Engaging donors directly? Brilliant!
For example, I was at city hall in Elgin, Illinois the other day trying to acquire my small business license. I thought doing something in person might be more efficient. Unfortunately, that was NOT true. I was turned away by a clerk who asked to me to do this online. When I turned around to talk out of the building, I saw this huge sign sitting on an easel. It advertised Mayor Dave Kaptain’s “Listening Sessions” and promoted public participation.
At that very moment, the old Guinness beer commercial came streaming into my head. Do you know which one I’m talking about? Click here to enjoy this flashback to the not-so-distant past.
So, why is this so “brilliant” and what does it have anything to do with non-profit organizations, which is at the heart of this blog?
For starters, I think it is brilliant because in this day and age of mass media, the answer always seems to be: send them a letter, advertise on television, put it on the website, “tweet” it, organize an email blast, and the list goes on and on. I haven’t heard anyone say in a very long time: “let’s go out there and engage people directly” on issues that are important to them.
As for the question about how this pertains to non-profit organizations, all I have to say is that non-profits should take a page out of Elgin Mayor Dave Kaptain’s book. Here are just a few ideas for non-profits that I thought of as I walked out of city hall:
- Organize a “town hall meeting” at your non-profit service site on any number of issues your agency helps address every day. Invite donors, volunteers, community leaders, and collaborative partners to attend and participate.
- Organize a series of quarterly or monthly “brown bag lunch meetings” focused on one of the issues your agency deals with every day. Invite a guest speaker from the community to speak about some part of the issue (e.g. your state representative, city council member, chamber of commerce or hospital CEO, etc). Also invite donors to bring their brown bag lunches and participate in this lunch program.
- Organize a small reception and honor someone in the community who works hard and does something related to your agency’s mission. For example, a domestic violence shelter could put together a small after-work reception to honor a local police officer for their commitment to working differently and compassionately with victims. Invite your donors and ask them to turn-out and help you honor this person.
- Organize a petition drive around one of your issues and ask donors to help secure signatures.
- Organize focus groups for each of your fundraisers and ask donors to provide feedback. Invite your donors to help you dream by asking them what they think it would take to “double” the funds raised from that specific fundraisers. After all, who else would know best other than the participating donor?
Non-profit organizations don’t always need to be out front, jumping around screaming “look at me . . . look at me!” Donors are capable of digesting subtle messages, and these types of activities will position you as a leader in your field. Mix in a few subtle “return on investment” messages, and donors will walk away feeling very good about their most recent investment in your organization.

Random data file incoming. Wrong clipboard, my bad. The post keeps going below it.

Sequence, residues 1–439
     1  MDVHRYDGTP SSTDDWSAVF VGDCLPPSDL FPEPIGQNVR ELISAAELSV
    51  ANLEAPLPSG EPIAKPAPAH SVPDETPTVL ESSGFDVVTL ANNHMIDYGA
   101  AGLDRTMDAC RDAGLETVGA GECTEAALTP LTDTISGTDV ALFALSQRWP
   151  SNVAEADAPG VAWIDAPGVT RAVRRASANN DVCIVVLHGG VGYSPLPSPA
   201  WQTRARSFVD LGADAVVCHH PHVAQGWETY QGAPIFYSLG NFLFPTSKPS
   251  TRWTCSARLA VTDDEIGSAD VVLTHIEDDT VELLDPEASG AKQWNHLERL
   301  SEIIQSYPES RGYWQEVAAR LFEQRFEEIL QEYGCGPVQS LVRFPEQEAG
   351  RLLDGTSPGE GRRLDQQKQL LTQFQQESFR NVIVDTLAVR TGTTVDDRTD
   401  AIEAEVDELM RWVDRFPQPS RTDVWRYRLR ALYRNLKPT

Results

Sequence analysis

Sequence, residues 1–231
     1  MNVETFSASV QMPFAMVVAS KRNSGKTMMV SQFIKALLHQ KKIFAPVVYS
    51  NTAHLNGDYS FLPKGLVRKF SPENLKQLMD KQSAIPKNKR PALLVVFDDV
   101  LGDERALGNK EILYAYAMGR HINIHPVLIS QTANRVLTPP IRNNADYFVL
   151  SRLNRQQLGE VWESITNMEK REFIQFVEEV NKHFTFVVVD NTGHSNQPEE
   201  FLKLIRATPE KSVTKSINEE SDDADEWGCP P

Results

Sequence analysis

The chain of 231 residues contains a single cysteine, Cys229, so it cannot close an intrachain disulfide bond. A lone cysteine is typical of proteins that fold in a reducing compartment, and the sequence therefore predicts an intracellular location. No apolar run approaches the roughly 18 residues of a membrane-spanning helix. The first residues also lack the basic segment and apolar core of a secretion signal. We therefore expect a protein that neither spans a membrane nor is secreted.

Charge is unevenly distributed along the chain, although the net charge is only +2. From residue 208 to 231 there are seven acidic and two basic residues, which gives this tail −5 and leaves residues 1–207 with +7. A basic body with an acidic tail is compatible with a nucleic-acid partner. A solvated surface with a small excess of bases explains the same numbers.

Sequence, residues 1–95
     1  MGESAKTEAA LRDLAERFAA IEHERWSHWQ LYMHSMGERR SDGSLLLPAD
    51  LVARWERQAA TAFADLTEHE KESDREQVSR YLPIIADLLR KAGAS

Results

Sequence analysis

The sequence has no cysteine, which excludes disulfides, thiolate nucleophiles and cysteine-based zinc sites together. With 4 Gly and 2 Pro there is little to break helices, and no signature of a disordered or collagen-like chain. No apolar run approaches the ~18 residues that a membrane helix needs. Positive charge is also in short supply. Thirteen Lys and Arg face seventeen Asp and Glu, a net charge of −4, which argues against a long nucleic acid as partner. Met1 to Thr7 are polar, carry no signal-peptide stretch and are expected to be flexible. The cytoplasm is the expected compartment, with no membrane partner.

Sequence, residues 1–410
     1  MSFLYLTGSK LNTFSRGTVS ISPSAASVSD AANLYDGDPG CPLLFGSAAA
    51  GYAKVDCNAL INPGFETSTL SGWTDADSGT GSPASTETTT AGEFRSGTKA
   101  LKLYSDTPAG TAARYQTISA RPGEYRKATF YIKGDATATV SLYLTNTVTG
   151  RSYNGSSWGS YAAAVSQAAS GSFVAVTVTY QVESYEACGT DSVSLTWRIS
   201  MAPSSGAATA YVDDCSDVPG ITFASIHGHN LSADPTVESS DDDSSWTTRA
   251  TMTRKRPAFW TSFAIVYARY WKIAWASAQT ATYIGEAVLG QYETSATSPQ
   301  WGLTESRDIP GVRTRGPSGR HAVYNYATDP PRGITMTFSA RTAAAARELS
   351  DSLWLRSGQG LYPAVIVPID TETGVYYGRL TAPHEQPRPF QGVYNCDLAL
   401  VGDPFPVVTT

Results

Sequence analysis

Don’t charge any money. Resist the urge to solicit your donors during these mission-moments. This is about engagement . . . not about cash flow. If you find yourself saying “you don’t have the time or resources” to do these kinds of things, then I suspect you aren’t interested in looking at your donor loyalty numbers either (and with Halloween around the corner this could be a very scary activity to undertake).
Non-profit organizations need to get back to investing in personal stewardship and engaging donors in real mission-focused activities in between solicitation opportunities. I urge you to go beyond the donor database generated acknowledgement letter, email or Tweet. There are countless examples of how to do this if you just keep your eyes open. We can all learn something from politicians, for-profit corporations and our fellow non-profit friends.
This entire post aligns well with my teachable point of view that non-profits need to stop treating donors like ATMs!!! Of course, if you don’t commit to being a life-long learner on the subject of donor engagement, then you might start looking like Ms. Swan from this old Mad TV comedy sketch (albeit less fortunate than she turned out to be in the end of the sketch).
How is your organization stewarding its donors? How are you going beyond traditional stewardship and engaging them? Have you done any benchmarking to see how your efforts impact your donor loyalty numbers? If so, what was the result? We can all learn from each other. So, please use the comment box below and share your secrets. Because failing to do so would not be BRILLIANT!
Here is to your health!
Founder & President, The Healthy Non-Profit LLC
Posted on October 18, 2011, in Donor-centered fundraising, Fundraising, resource development and tagged annual campaign, case for support, donor, donor centered, nonprofit, philanthropy, prospect cultivation, resource development, stewardship, volunteers. Bookmark the permalink. 4 Comments.